But this book does something that is novel. What Bertsche does is  write about all the awkwardness and weirdness that comes from executing that advice. She writes about how terrified she was to strike up a conversation with someone at a party where she knew no one. She writes about how she goes on dud friend dates, where they have nothing in common and thus have long periods of awkward silence. She writes about how you feel like a failure, and kind of lame, when you ask people to set you up on friend dates – because it’s like an admission no one wants to be your friend. She writes about the insecurity that many women feel – “why would she want to be my friend, she probably already has friends.”  Continue reading

Book Review 14: Lies That Chelsea Handler Told Me by Chelsea Handler & Friends

18 Feb

Chelsea Handler tends to be divisive. People either obsess over her or vigorously hate her for little to no reason. I guess she’s like most comedians that way – you either get them or you don’t, and if you don’t, you’re not interested. I like Chelsea Handler, and I like her assorted cast of friends/comedians on Chelsea Lately.

This book, written by her friends, with responses from Chelsea, didn’t appeal to me as much as My Horizontal Life, the only other book of her’s that I’ve read. First, it’s actually kind of a weird idea. I have a hard time thinking about asking my friends or colleagues to write a book of stories about me. It feels a little…self involved somehow. Just when you start to get into the story and start feeling like it’s an honest, funny, relatively unbiased account, there’s the obligatory praise of “Chelsea is fabulous!” at the end of each chapter which makes it feel less like a collection of funny stories and more like a sales pitch for Chelsea’s human side. Which could be the point of the book, as her public persona is fairly abrasive and you get a more well rounded picture of her from the book.

Also, the premise got stretched a little thing. I think if each person had free reign to just write what they wanted about Chelsea, and make it funny, it would have been consistently funny. But each chapter was shoehorned into telling a story (or two or three) about an actual lie she told, and it got repetitive. I get it, she plays a lot of lie-based pranks. I think there would have been a lot more humor if some of the writers were allowed to break that mold.

This was not my favorite Chelsea Handler experience, for reasons explained below. What is my favorite Chelsea Handler experience?  Continue reading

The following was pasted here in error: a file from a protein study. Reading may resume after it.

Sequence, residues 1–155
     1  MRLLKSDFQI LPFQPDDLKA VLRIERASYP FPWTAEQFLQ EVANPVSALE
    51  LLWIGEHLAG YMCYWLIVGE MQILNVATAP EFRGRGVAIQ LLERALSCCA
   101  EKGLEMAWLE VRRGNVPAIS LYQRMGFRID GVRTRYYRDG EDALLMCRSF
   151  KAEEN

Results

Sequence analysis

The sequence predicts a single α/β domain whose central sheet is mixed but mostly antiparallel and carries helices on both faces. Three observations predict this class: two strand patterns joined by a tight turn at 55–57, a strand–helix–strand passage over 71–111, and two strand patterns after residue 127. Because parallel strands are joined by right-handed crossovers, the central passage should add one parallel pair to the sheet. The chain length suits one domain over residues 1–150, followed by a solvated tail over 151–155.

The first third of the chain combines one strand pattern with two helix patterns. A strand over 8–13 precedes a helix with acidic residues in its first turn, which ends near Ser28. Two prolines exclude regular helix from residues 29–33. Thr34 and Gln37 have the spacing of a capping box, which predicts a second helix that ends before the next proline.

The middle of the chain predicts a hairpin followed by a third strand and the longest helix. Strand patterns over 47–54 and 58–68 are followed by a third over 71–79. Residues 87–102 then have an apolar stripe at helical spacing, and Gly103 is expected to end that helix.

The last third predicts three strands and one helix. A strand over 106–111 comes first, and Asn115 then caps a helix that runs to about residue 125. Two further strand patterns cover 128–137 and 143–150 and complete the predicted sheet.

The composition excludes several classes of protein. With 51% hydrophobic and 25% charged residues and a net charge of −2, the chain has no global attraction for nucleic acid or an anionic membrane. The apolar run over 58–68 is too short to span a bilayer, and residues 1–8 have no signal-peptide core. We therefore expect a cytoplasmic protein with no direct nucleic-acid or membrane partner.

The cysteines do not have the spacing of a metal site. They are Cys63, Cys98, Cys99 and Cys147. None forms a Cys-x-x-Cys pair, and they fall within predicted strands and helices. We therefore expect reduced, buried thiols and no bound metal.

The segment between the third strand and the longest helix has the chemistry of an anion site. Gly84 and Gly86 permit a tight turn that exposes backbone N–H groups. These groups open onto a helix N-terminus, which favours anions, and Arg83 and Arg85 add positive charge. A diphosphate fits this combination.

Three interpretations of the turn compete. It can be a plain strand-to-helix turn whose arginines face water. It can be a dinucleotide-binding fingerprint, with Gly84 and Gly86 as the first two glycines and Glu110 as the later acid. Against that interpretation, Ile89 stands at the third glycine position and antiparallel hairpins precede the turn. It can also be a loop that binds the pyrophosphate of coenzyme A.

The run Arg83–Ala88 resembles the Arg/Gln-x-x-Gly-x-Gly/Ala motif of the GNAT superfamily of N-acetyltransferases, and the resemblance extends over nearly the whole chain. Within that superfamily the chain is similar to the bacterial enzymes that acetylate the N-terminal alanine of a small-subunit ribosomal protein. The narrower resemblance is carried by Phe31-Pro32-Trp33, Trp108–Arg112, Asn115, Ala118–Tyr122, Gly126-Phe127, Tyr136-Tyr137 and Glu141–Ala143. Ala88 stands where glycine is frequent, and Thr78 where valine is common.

Book Review 10: Live from New York by Tom Shales & Andrew James Miller

12 Feb

After reading The Revolution Was Televised, I realized that a whole genre of books about my absolute favorite pastime, television, existed and I was missing out. Live from New York, a 600 page oral history of Saturday Night Live, was published in 2002 and hit exactly the right notes. The book is just the right mix of old school celebrity gossip, logistical industry insight, social context and fond  (and bitter) cast and crew memories. Most importantly, it’s an incredible look at what has gone wrong with SNL periodically, and the various views (writer, cast, Lorne Michaels) on why there were some troubled periods.

Most fascinating were how the relationships between cast members and writers really drive the quality of the show. The first five years were built on the strength of the cast, their devotion to each other in and out of the office, the crazy amount of drugs and alcohol they consumed, and their individual relationships with the writers.  And the Tina Fey years were almost the inverse – they thrived on the respect, professionalism, and clean living that they all prided themselves on. It really pinpoints why transition years are difficult – when you have a group  like Mike Myers, Dana Carvey, etc. giving way to youngsters like Adam Sandler, Chris Rock, and Chris Farley, factions occur, conflicts arise and work gets less productive.

Surprising to me was how the way prior cast members or writers talked about the show could dramatically change my opinion of them.  For example, I’m now totally obsessed with Jane Curtain who’s smart, funny, blunt, pithy and amazing and I want to go back to 1975 and be her best friend. I’m a firm believer that you should never trash your former employers – something about that job gave you the skills, experience or wisdom to help you get where you are today. And there were a wide variety of past cast and crew members lobbing some hard hitting criticism at SNL – Julia Louis Dreyfus, Janeane Garofolo, Chris Rock, Victoria Jackson, Chevy Chase, Eddie Murphy, etc. Some of them came off as whiny and unappreciative, while some of them managed to convey what it was about SNL that wasn’t right for them, and critique some of the show’s longstanding perceived faults (particularly re: gender, race) intelligently and graciously. Honestly, I actually loved some of the people who complained about the show more after reading this book (I’m looking at you, Julia Louis Dreyfus).